Pink Armchair said...

Ahhh, this brought back so many memories -- not only of my theatre days but of all the good friends I lost to AIDS. Such wonderful people and we had so much fun. I went to a theatre conservatory, and met most of them there. Did a ton of shows, many of them in odd small theatre spaces such as you describe. I too remember sprinting through an alley and into the back of a theatre in an Elizabethan costume. Somebody would have to run with me holding an umbrella when it rained. Good times, good times.

Really enjoyed reliving this!

beauzzartz said...

I did FAME! Gotta love those one set shows. Seriously, you had me in a fit a giggles with the "shoes, my love, shoes" hee.

I have a actor/dirctor/choreographer (sometimes you have to do it all!)friend I saw in an off-broadway production recently and he reminds me of your Carlos...passionate, sensitive, and very very funny.

Isn't it true that some of our best creative work emerges under adverse conditions? Little budget, no wing space, atrocious sight lines,lights that turn ON and OFF and little else. We are forced to dig deep, focus, and bring more of ourselves to the project. I wouldn't trade those moments for the world. One of the best chairs I ever procured (when you can't afford a props mistriss) was out of a trash bin. I might have ignored that gem otherwise.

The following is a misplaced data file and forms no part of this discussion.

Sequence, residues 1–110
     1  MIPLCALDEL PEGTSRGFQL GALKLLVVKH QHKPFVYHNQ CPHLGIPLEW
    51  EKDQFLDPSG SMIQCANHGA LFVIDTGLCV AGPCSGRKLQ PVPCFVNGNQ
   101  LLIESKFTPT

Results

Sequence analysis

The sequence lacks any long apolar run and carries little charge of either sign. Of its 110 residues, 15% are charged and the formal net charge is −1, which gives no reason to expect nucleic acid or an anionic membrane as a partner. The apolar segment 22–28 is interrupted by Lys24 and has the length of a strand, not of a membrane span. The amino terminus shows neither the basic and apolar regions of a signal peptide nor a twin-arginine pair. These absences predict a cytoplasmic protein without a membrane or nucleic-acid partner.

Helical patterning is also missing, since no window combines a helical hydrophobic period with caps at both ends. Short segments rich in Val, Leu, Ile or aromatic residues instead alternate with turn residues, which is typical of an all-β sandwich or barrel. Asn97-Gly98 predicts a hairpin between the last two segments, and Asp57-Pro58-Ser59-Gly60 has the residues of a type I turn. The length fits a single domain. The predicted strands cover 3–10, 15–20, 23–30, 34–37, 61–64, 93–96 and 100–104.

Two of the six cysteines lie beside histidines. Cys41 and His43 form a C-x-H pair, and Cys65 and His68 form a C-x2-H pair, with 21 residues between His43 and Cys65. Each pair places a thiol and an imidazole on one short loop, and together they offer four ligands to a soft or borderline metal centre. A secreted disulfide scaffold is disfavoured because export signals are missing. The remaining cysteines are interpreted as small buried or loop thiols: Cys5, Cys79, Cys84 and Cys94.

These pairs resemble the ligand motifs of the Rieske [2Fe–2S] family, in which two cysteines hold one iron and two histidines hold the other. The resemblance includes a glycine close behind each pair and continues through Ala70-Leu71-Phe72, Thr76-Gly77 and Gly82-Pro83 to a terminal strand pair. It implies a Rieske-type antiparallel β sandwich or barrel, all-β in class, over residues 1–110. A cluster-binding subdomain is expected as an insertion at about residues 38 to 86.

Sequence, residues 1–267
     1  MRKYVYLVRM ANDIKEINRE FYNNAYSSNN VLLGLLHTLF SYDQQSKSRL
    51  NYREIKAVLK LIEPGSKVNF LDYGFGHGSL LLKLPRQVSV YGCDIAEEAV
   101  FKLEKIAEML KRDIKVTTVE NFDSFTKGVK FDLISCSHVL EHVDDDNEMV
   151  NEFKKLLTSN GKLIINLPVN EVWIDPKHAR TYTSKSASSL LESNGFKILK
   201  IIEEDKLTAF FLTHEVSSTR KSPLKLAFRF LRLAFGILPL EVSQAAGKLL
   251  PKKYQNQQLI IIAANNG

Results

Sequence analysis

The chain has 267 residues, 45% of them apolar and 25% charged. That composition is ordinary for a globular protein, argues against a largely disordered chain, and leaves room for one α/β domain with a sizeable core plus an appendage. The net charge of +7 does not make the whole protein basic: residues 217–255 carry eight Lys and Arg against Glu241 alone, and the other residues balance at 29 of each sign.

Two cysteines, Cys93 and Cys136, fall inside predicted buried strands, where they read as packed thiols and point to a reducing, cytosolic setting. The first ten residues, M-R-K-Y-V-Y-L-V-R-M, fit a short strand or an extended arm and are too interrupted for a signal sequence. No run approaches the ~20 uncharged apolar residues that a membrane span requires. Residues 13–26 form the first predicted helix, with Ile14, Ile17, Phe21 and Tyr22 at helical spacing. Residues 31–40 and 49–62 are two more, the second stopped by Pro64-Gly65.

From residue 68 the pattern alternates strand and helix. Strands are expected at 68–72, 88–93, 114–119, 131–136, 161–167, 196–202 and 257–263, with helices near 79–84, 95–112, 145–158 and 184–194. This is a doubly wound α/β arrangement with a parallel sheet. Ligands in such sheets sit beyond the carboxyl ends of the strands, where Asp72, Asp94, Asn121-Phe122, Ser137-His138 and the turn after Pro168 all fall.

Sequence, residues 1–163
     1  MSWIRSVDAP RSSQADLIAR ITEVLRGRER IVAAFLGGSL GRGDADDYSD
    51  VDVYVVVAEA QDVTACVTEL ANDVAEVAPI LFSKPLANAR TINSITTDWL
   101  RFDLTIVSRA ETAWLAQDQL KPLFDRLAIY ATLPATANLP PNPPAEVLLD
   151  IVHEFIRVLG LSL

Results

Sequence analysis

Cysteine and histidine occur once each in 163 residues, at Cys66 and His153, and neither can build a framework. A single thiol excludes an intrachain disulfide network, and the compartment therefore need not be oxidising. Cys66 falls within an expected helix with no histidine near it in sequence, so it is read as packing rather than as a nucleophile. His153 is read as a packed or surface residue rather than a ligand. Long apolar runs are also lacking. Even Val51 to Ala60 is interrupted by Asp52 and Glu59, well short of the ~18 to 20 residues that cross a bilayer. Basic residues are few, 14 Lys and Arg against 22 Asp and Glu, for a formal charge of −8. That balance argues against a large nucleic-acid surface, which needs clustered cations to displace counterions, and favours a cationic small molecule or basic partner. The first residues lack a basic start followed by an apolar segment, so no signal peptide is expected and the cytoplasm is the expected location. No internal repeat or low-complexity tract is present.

*sniff* Nan is making me verklempt.

beauzzartz said...

Forgot to ask this. In both the FAME movie and stage version, the students dance on the cafeteria tables at lunchtime. Did you do that? Inquiring minds want to know. :)

*pictures Nan slipping and sliding on sloppy joes*

The ConCLAYve-Nan said...

When I went to Performing Arts HS - it was still on West 46th St. in an old building that used to be a public school. Our first year, the banisters were still at knee level. We acting majors had our dance class in the cafeteria. The dance majors had their dance classes in real studios on the 3rd floor. We didn't dance on the tables - but hardly anyone ate lunch inside. We did have a disc jockey play music during the lunch hour though.

newlie said...

Just popping in to say how much I love your theater stories, Nan!
Vicarious living and all that...

newlie said...

Always love your theater stories, Nan!

The Road Not Taken. ::sigh::